Dr. Kranz’ approach to AEDP also emphasizes healing-oriented outcomes as opposed to pathology. Within this safe relationship, clients are helped to engage an innate transformational experience and express emotions that may have once been previously considered to be too overwhelming to experience alone.
In the therapy demonstration, Dr. Kranz works with the client to embrace a transformative healing change, from a core neurobiological standpoint.
Accelerated Experiential Dynamic Psychotherapy for Relationship Issues
With Ronald J. Frederick, PhD (June 2020)
Many presenting issues, from psychopathology to anxiety to relationship issues, can result from an individual having been alone in the face of overwhelming and painful emotions. The core of accelerated experiential dynamic psychotherapy (AEDP) is helping clients experience previously feared-to-be-unbearable emotions in the context of an emotionally engaged, therapeutic relationship, and subsequently processing these emotions to completion.
This process releases adaptive tendencies and provides the central agent of change in AEDP as clients regain access to resources and resilience that have been unavailable because of their emotional defenses.
In this video program, Dr. Ron Frederick demonstrates how to use AEDP with a client who is experiencing relationships issues. In the session, Dr. Frederick works with a lesbian, Latinx woman who is unhappy in her current relationship. Watch as he emphasizes emotional regulation and processing, taking special care to help the client work with feelings she has long defended against experiencing.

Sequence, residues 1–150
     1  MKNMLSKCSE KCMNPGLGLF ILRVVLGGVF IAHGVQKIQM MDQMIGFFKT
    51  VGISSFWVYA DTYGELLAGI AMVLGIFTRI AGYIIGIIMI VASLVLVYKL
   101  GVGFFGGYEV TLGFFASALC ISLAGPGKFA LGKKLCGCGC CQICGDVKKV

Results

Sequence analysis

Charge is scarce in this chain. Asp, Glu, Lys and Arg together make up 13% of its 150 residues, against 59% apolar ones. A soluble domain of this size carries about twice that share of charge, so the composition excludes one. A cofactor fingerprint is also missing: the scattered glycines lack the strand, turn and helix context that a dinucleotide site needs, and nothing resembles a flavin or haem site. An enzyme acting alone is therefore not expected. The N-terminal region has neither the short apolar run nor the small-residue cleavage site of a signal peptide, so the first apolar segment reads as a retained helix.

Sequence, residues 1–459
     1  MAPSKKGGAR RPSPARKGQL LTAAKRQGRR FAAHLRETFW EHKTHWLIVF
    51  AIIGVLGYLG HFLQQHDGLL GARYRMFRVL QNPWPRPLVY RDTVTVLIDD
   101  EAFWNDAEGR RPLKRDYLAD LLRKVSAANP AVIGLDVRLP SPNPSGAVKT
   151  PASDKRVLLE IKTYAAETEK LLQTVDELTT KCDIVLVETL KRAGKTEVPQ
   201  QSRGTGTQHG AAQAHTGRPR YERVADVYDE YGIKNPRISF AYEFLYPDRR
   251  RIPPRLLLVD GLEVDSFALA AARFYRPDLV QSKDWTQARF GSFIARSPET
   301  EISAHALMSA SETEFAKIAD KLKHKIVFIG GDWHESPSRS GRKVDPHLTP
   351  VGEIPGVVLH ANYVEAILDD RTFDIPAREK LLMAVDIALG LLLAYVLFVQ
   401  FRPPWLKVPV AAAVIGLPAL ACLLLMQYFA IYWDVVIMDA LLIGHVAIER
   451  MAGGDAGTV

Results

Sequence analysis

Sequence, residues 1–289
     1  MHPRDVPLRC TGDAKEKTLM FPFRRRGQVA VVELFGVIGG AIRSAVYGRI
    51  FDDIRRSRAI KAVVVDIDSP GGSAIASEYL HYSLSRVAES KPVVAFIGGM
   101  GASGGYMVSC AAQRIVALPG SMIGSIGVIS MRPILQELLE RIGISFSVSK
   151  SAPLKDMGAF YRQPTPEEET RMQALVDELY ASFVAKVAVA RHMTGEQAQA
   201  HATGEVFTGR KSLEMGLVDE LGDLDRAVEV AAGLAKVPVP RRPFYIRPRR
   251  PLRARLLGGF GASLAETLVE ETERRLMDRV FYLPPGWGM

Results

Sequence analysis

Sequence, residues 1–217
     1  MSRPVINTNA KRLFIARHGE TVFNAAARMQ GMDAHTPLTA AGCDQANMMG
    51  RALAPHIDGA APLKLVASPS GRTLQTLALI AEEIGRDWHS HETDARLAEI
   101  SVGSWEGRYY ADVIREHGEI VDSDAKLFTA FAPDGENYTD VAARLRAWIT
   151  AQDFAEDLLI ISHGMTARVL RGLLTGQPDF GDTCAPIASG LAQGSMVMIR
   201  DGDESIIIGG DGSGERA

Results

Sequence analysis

Working With Trauma in Accelerated Experiential Dynamic Psychotherapy
With SueAnne Piliero, PhD (April 2020)
A traumatic experience, as perceived through the lens of accelerated experiential dynamic psychotherapy (AEDP), is the result of being left alone with an overwhelming emotional experience. To help clients who are dealing with the effects of such trauma, AEDP emphasizes the co-construction of a therapeutic relationship that includes establishing a secure attachment bond between the therapist and client and exploration of the affective traumatic experience.
This nonpathologizing, attachment and emotion transformation-focused psychotherapy places the somatic — the bodily sense — of the emotional experience at the center of how change is fostered. Therapy involves allowing the client to safely experience and process the emotion from past trauma within a deeply caring relationship.